The countries concerned are Israel, Britain and France, but permit USA and
USSR as background material. Require for high marks balanced and informed
references to each, with suitable focus on 'how satisfactory' the settlement was
for them.
Mark on a two-fold basis, anticipating fair balance between the requirements of
the two parts. In (a), events need not be limited to the Gold Coast, as British
government policy was of significance here.
A series of military coups began with the overthrow of Nkrumah in 1966 and the
names of Kofi Busia, Acheampong, Akuffo, Rawlings are associated with further
coups. Marks in the higher range should be reserved for those who pinpoint
reasons for the coups against an informed background.
Mark on a three-fold basis, with fair balance anticipated between the chosen
three. The link needs to be held throughout to Southern Rhodesia.
Reserve marks in the higher range to those who balance material between the
extended diplomacy on the issue and the varied difficulties of unseating the
established Smith government. Focus needs to be held on 'why' throughout,
developed on an informed background.
Mark out of 14. A narrative of the 1960s will of its nature reflect the given quote,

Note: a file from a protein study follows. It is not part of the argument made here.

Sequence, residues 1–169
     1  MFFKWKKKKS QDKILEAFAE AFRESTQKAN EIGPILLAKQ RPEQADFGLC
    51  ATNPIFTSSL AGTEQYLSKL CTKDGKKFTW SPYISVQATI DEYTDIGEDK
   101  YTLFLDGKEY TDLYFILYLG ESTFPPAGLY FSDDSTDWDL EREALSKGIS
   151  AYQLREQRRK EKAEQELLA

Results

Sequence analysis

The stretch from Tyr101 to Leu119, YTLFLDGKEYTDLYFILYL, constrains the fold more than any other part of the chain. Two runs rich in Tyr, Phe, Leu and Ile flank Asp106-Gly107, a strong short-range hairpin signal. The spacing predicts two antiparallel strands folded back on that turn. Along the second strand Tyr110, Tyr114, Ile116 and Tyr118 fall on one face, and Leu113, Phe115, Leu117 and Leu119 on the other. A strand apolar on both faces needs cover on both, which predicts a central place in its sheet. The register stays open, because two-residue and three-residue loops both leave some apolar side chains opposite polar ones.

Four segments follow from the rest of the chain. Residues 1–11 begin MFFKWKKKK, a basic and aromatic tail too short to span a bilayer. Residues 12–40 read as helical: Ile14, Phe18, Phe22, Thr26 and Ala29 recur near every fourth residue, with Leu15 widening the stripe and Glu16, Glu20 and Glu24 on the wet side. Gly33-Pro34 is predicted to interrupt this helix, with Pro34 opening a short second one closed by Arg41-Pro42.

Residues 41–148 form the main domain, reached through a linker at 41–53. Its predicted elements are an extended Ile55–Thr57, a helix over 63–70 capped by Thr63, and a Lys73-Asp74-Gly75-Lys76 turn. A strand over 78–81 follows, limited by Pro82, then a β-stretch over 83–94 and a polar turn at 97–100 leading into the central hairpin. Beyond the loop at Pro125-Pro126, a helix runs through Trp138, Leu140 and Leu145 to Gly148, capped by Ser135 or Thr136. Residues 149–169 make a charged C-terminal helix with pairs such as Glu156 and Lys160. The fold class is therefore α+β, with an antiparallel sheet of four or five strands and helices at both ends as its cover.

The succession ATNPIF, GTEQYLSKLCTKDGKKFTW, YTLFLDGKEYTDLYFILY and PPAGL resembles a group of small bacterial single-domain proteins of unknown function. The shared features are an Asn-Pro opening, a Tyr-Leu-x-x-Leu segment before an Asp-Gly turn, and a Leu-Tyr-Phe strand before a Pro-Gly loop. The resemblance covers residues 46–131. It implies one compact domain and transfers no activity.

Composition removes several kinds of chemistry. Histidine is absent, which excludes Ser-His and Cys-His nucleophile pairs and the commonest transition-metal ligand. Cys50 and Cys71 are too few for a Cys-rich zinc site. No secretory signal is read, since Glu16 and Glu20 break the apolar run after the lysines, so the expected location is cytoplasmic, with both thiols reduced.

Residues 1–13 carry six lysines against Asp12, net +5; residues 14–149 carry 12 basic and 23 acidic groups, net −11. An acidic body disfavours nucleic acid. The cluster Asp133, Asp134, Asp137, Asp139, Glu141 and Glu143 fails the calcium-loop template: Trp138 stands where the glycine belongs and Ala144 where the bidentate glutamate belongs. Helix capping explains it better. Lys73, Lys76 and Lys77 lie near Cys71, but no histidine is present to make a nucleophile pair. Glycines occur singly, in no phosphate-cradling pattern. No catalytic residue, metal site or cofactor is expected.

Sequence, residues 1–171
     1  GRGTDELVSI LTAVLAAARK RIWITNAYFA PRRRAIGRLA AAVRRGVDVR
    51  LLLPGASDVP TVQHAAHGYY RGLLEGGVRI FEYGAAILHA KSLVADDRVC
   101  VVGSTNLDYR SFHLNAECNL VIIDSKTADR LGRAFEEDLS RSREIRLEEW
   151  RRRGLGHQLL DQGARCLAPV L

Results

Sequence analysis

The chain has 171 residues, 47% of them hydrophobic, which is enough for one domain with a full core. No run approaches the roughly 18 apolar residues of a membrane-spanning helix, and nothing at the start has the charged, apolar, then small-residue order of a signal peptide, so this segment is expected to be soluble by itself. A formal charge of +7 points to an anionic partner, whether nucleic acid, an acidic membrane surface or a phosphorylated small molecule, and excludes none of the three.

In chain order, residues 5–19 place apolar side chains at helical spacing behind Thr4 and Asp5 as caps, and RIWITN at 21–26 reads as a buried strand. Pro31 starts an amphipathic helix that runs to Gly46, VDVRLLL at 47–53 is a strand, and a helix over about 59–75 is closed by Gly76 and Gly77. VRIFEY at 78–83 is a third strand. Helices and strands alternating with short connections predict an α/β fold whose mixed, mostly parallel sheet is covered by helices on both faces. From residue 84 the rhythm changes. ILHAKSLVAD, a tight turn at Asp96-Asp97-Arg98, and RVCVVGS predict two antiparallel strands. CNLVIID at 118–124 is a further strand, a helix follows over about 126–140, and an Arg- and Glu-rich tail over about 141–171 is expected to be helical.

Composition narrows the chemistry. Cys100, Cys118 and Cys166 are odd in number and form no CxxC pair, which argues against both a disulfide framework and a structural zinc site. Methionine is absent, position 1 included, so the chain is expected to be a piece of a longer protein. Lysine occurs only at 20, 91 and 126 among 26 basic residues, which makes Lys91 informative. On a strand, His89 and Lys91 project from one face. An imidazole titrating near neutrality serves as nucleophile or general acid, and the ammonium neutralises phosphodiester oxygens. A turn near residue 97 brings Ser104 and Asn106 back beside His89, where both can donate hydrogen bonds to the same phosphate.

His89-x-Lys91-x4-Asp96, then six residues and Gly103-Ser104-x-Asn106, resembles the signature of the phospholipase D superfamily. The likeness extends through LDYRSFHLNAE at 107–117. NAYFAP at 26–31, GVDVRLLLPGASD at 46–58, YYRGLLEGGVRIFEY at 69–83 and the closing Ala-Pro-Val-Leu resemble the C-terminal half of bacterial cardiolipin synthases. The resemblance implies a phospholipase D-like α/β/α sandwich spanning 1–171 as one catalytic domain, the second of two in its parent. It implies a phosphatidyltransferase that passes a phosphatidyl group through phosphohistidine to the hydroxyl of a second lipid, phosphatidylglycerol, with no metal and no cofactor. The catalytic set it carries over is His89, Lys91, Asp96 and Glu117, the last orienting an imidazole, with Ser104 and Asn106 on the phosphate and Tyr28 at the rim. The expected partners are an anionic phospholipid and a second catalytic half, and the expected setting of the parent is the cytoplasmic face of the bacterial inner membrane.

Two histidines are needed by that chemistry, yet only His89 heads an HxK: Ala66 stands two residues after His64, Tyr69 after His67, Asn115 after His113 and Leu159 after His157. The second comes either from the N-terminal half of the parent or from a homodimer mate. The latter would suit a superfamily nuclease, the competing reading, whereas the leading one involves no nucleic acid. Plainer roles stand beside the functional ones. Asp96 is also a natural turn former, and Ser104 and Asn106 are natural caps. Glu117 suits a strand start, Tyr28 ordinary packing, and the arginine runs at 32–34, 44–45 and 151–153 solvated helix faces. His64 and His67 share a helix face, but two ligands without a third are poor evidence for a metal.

but for high marks there should be specific references to it, and balance held
throughout the decade.
Marks in the higher range should be reserved for those who indicate progress by
the Nigerian government in the 1970s in overcoming earlier tribal problems. The
weight of the answer should be on the achievements, but there should also be
reference to the earlier tribal impediments as contrast.

© Cambridge International Examinations 2014

Page 7

Mark Scheme
GCE O LEVEL – May/June 2014

Syllabus
2158

Paper
13

Section F: Asia
26 Narrative:

Analysis:

27 Narrative:
Analysis:

28 Narrative:

Analysis:

29 Narrative:

Analysis:

30 Narrative:
Analysis:

Mark out of 14, anticipating balanced coverage over the 1918–35 period. High